June is Pride Month

Happy Pride Month

June is when we celebrate our pride in the diverse ways people connect to one another. You may be seeing a lot of rainbow flags and images wherever you look. The rainbow has been a symbol for quite some time now for those who are part of the LGBTQIA2+ community and is often referred to as the Rainbow Community. And those who are showing a rainbow symbol are letting others know that they either identify as LGBTQIA+ or they are an ally, a support, and a safe person to be with for those who belong to this community. 

However, it is a lot of letters and many people are not even sure what the letters stand for, let alone what it means to be an ally or a safe person to be around. This is a great opportunity for us all to learn how knowing just a little bit can have a significant impact on others. 

First, what are the letters? 

  • L = Lesbian
  • G = Gay
  • B = Bisexual
  • T = Transgender
  • Q = Queer or Questioning
  • I = Intersex
  • A = Asexual
  • 2 = Two-spirit
  • + = To represent other variations
Each one of these could be its own separate blog and I encourage us all to take some time to understand each. 

What is an Ally?
To be an ally means that you are someone who is safe to be with for a person who identifies as LGBTQIA+. This could be as simple as being a good listener, holding a non-judgmental space for others, accepting another person for who they are, or being a friend. It really isn't any more difficult than that. For some reason, we humans have a long history of marginalizing those with whom we don't identify or who are different from us. This results in conflict and controversy. The person who is marginalized is the one who is hurt and separated from the larger community.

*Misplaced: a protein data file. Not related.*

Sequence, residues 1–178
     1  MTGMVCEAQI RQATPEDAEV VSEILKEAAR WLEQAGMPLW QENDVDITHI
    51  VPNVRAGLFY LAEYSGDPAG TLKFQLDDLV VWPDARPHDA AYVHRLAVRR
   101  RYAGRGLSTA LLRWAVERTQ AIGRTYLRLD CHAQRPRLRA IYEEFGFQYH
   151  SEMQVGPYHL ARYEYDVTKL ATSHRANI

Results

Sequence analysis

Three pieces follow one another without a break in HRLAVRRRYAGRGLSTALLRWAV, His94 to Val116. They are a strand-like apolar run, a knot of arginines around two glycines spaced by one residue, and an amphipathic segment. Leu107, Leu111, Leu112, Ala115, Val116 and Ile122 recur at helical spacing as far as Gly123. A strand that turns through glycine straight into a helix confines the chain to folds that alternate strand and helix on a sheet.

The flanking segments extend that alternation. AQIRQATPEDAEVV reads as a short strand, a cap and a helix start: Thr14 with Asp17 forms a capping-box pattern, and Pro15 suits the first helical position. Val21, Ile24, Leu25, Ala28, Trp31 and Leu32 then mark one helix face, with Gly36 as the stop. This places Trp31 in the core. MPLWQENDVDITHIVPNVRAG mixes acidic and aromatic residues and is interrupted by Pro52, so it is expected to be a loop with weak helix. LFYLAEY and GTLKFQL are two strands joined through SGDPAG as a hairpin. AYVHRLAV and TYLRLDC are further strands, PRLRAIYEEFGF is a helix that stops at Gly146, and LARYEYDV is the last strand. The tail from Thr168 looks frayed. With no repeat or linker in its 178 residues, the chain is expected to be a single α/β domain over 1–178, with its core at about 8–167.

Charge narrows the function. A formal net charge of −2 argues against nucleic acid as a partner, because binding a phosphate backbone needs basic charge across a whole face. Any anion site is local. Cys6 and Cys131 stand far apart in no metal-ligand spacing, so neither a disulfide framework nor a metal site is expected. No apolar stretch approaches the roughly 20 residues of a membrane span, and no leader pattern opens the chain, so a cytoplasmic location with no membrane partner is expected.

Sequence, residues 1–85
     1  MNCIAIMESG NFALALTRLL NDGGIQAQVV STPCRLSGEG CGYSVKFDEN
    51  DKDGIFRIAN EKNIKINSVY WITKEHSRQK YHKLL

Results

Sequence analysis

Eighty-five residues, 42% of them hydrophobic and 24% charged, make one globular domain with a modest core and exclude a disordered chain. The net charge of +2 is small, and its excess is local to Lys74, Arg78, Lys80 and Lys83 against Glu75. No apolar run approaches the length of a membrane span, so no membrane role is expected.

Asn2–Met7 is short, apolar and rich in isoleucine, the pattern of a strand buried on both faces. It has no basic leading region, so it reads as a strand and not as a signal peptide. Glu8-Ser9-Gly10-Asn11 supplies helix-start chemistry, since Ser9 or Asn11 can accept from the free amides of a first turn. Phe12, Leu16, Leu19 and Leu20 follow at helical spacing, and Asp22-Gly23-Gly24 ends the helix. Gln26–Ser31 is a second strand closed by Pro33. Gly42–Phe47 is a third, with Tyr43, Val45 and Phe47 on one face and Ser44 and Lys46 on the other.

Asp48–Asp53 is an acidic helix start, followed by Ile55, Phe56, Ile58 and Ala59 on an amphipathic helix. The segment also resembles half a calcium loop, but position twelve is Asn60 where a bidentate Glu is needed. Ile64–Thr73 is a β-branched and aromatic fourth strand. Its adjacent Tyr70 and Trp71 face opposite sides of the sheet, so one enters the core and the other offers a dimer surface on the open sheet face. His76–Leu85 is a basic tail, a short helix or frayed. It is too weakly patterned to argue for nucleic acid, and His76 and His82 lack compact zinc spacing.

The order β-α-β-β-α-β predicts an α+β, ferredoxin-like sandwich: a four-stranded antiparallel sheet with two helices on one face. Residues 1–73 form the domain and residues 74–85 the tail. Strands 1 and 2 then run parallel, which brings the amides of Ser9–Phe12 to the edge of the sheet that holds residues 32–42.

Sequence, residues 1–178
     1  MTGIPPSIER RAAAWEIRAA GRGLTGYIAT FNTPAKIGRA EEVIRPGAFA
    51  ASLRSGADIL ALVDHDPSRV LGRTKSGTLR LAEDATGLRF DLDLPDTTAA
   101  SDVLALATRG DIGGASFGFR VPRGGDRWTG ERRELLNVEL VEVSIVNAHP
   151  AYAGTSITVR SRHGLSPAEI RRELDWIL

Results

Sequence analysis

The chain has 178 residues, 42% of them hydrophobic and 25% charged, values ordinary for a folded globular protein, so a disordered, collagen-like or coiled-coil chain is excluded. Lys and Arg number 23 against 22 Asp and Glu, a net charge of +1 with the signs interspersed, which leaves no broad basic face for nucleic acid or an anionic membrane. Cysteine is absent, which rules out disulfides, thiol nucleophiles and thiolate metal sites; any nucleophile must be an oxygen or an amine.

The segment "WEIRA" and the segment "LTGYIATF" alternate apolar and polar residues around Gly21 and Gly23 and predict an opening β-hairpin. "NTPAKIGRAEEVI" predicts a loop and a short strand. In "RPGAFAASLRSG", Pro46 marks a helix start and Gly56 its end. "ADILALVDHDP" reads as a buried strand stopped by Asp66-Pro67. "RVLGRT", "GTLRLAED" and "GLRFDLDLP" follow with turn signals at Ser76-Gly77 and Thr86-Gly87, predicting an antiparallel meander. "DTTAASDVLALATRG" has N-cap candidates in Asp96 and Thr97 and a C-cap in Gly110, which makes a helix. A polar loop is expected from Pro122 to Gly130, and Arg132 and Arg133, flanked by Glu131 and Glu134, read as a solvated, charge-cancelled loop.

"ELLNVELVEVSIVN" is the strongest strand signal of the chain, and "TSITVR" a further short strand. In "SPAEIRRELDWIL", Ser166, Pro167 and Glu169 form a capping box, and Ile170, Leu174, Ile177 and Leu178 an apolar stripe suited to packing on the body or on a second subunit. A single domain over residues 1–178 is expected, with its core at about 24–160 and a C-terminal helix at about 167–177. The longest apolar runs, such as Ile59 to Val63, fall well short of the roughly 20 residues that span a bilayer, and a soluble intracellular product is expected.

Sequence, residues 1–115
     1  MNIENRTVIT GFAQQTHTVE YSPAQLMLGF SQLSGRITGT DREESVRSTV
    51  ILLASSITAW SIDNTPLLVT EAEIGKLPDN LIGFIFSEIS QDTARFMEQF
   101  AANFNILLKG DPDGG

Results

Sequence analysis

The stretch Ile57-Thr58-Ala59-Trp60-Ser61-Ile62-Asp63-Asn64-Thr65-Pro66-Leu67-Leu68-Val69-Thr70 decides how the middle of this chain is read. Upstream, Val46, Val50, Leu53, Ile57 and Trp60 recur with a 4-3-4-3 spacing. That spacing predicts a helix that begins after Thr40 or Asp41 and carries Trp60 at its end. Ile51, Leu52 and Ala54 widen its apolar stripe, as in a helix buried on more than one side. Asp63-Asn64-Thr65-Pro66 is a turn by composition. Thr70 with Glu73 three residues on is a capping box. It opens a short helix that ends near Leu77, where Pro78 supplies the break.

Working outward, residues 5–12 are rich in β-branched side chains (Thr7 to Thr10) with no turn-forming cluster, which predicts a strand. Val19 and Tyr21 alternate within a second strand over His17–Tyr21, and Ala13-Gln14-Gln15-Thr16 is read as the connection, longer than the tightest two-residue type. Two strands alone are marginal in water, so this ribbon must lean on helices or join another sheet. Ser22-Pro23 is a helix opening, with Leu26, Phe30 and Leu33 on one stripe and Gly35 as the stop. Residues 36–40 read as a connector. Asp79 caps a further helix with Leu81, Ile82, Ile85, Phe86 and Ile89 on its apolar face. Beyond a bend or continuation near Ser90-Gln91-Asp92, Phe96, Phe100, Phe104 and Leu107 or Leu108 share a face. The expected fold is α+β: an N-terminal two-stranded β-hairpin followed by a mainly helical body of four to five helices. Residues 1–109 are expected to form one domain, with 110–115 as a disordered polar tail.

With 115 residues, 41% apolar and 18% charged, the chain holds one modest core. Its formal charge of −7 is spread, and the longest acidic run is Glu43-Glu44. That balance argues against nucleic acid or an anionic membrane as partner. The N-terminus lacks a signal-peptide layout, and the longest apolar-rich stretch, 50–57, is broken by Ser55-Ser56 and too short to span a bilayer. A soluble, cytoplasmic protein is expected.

We know that part of being resilient is being an accepted member of a community. Everyone gets to belong to our community. If they live here, they are welcome. However, that isn't how humans typically treat others who are different from us. If you are not a member of the LGBTQIA+ community, can you imagine not being accepted for who you are, just because you are different? Imagine living your whole life and never feeling accepted for who you are. This is very real for many people.

How do we help? 
One of the chief aims of our education community is to be accepting of everyone and to create safe spaces for all students to learn and grow. It is repeated numerous times in our school board policies which are the pillars of our educational system. That is the first step--acceptance. As we care for each child in our classrooms or cafeterias, show that each child is accepted for the diverse person they are. Invite students to share with you what is difficult for them. Listen. And most importantly, affirm them that they are just right, that they are special, and that you are here to help them grow into the best version of themselves.        

When we say, "We Are GP! We all belong!" We really need to mean that. Being different from each other is normal and healthy--isn't each one of us a unique person? Accepting others for who they are is critical to building a strong and thriving community. Our diversity as human beings is what makes us resilient. This month, let's show our Pride for our LGBTQIA+ community members and create all spaces on our GP campuses as safe spaces. 

Below are just some of the many educational resources that may be helpful to you:

We Are GP! We All Belong! This month, let's take one step closer to ensuring that ALL of our staff and students are accepted and in a safe space. 

Take care, 

Todd Bloomquist



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